I could imagine cattle grazing this landscape, and from the early 1800s until 1970 it was used for ranching. Patrick Dunn owned most of the island by the 1940s, ranching there until the 1960s when he sold to the National Park Service, which subsequently established Padre Island National Seashore.
Coastal Ranching Empires
In the same way that the sugar and cotton plantations, owned by Levi Jordan and Martin Varner and later Governor Hogg, were cornerstone properties in southeastern Texas, the expansive properties owned by Mifflin Kenedy and Richard King dominated Southern Texas. Those two men were both steamboat captains before they became cattle kings.
Kenedy, born in 1818 to Quaker parents in Chester County, Pennsylvania, left home in the spring of 1834, sailing as a cabin boy on the Star of Philadelphia, bound for Calcutta, India. He would later become a clerk on a river steamer and ultimately would captain steamers on the Ohio, Missouri and Mississippi rivers. When acting as a substitute captain on the Champion, plying the Apalachicola and Chattahoochee rivers in Florida, he met Richard King.
Kenedy and King: Emperors of Texas
In 1850 Kenedy and King formed a steamship partnership with Brownsville founder Charles Stillman, called M. Kenedy and Company. They had already made the move to Texas and, during the Civil War, had made a fortune trading cotton, hauling it along a route known as “The Cotton Road” down to Brownsville, Texas, where they loaded it onto steamboats for transport to markets in Mexico, or to ships that could take it to other foreign markets, away from the blockade established by Union forces.
In 1860, Kenedy and King purchased the Santa Gertrudis Ranch, which they operated jointly for eight years until Kenedy sold out to King. Kenedy later purchased the Lurales Ranch near Corpus Christi.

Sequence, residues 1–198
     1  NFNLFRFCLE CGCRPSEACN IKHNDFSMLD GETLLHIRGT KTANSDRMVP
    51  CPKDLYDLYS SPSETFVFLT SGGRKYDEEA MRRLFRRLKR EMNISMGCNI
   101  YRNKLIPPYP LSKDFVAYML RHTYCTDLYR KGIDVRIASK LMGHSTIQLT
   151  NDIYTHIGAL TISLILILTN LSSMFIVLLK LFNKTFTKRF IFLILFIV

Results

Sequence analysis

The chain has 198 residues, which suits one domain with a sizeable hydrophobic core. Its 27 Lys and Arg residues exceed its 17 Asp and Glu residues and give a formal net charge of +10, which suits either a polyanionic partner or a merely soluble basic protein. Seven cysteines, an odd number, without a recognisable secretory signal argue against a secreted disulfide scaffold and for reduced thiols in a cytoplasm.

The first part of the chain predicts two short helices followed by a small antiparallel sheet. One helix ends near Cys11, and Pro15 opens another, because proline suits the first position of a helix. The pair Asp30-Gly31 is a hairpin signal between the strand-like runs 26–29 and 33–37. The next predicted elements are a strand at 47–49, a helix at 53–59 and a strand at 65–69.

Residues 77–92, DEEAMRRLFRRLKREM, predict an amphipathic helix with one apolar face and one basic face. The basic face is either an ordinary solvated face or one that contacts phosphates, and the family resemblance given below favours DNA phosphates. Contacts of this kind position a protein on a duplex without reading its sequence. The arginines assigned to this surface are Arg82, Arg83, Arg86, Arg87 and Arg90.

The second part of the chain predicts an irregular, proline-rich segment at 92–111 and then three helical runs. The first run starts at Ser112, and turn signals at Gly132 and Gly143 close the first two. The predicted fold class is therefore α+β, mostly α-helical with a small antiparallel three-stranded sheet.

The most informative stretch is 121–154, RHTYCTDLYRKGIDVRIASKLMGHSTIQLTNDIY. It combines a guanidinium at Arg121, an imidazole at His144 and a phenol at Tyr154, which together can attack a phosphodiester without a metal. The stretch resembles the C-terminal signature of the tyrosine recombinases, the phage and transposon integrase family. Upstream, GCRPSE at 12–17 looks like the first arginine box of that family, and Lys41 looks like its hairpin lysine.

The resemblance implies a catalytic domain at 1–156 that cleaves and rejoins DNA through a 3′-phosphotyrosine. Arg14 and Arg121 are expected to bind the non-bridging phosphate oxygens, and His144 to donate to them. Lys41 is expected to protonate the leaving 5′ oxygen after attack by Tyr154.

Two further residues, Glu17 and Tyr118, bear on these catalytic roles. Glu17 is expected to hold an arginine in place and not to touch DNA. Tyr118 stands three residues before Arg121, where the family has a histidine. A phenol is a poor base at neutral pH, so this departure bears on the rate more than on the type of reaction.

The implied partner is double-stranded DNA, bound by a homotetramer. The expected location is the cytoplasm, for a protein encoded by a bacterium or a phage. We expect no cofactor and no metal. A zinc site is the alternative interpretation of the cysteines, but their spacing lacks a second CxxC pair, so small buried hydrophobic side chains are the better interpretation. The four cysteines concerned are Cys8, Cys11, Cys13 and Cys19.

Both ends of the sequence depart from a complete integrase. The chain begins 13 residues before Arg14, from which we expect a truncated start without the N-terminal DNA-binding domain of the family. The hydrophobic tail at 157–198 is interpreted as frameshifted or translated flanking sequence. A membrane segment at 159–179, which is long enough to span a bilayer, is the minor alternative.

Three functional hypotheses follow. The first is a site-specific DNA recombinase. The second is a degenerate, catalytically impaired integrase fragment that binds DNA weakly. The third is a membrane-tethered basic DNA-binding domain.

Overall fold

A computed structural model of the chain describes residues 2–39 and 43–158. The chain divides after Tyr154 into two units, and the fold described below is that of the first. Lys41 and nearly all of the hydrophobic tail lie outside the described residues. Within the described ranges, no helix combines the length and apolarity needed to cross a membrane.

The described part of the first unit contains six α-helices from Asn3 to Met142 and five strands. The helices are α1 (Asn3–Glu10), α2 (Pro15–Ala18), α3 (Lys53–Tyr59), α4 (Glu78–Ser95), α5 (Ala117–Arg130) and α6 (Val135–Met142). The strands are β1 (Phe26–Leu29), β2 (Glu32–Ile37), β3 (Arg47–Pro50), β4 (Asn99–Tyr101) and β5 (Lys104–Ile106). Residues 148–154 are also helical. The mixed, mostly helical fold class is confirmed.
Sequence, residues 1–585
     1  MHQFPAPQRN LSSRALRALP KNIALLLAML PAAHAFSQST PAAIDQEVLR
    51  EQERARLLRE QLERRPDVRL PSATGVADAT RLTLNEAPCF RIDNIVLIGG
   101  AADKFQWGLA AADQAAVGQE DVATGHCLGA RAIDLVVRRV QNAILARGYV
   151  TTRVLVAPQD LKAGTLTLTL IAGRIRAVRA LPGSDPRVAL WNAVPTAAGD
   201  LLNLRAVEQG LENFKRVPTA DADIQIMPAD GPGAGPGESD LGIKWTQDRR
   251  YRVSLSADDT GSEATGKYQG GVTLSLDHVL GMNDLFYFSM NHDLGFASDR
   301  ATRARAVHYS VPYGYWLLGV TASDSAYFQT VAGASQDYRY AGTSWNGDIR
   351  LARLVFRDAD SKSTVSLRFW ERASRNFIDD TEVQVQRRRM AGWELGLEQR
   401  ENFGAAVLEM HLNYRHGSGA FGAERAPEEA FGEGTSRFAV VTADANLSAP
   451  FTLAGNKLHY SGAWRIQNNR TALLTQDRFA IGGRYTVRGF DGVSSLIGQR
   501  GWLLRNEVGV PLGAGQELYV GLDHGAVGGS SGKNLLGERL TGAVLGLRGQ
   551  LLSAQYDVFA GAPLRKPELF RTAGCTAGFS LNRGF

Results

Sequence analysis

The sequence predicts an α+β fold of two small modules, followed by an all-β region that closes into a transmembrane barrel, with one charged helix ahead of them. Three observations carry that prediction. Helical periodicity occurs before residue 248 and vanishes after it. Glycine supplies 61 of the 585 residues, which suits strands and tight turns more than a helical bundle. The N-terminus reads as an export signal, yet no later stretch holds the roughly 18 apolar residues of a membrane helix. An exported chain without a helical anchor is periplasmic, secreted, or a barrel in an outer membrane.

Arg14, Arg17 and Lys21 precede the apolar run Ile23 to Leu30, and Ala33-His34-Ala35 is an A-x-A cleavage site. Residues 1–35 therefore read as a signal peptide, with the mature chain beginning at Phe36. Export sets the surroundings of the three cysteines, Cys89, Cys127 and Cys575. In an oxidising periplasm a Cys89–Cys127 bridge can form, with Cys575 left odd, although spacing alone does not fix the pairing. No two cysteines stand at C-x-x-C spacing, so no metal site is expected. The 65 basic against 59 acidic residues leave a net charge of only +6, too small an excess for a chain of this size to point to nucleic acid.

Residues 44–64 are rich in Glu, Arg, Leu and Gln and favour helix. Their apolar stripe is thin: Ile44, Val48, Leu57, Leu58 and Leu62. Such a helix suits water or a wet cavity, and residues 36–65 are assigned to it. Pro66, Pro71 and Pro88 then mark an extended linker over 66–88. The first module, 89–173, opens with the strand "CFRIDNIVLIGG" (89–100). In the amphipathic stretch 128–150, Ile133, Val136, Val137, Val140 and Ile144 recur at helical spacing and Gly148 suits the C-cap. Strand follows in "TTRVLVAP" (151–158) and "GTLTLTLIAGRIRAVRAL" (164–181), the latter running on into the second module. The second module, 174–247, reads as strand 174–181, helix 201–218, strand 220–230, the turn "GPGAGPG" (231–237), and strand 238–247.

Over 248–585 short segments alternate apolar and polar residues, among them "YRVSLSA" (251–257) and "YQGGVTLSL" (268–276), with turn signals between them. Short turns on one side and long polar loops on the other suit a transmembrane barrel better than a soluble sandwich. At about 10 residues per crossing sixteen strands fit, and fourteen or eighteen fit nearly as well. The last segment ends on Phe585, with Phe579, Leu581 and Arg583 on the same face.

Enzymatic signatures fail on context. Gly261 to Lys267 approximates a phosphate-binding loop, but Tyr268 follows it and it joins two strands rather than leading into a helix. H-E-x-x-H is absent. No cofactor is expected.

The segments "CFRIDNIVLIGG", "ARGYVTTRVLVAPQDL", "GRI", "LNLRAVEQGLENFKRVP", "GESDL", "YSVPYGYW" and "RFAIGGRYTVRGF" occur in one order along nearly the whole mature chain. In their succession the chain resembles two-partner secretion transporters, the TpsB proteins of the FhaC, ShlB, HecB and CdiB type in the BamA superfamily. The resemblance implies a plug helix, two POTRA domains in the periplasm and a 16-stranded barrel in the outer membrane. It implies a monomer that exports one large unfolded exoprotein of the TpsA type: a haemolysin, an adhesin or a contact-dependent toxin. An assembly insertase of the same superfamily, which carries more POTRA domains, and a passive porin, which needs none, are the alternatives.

King and his wife, Henrietta, would expand their operations in the area called the Wild Horse Desert, ultimately building it into one of Texas’s largest ranches, encompassing 825,000 acres and becoming internationally known for Santa Gertrudis cattle and quarter horses.
The ranch spawned a town—Kingsville—and Henrietta King and her son-in-law,
Robert J. Kleberg, were instrumental in bringing the St. Louis, Brownsville and Mexico railroad to the area.
Mifflin Kenedy, meantime, ranched on the Lurales and other property south and west of the King Ranch. His operation, too, created a town–Sarita, named for his daughter.
While the King family continues to own and operate the empire started by Robert and Henrietta King, the Kenedy family line died out, even though the Kenedy Ranch remains operational.
To learn more about the King Ranch, visit the King Ranch Museum in Kingsville, or better, take a tour of the ranch property. The history tour gives an overview of King’s story and an opportunity to see a small section of this expansive ranch, including the old Cotton Road, plus the ranch housing, horses and cattle. Other tours focus on birds and wildlife. I saw my first-ever alligator as we took the history tour!
In Sarita visit the Kenedy Ranch Museum which shares the story of Mifflin Kenedy. This small museum has a full wall mural and audio program depicting area history. While the Kenedy story is often overshadowed by the King Ranch narrative, it is every bit as interesting. It is perhaps likely that had the two steamboat captains not met in Florida, neither would have made the mark they did in Texas.
What the sugar- and cotton-producing slave plantations have in common with the ranching empires of Kenedy and King, are stories of people making a living from the land.
Candy Moulton is a regular contributor to True West. When not writing articles or managing the Western Writers of America, she is busy developing films and multimedia programs for museums and visitors’ centers in the West.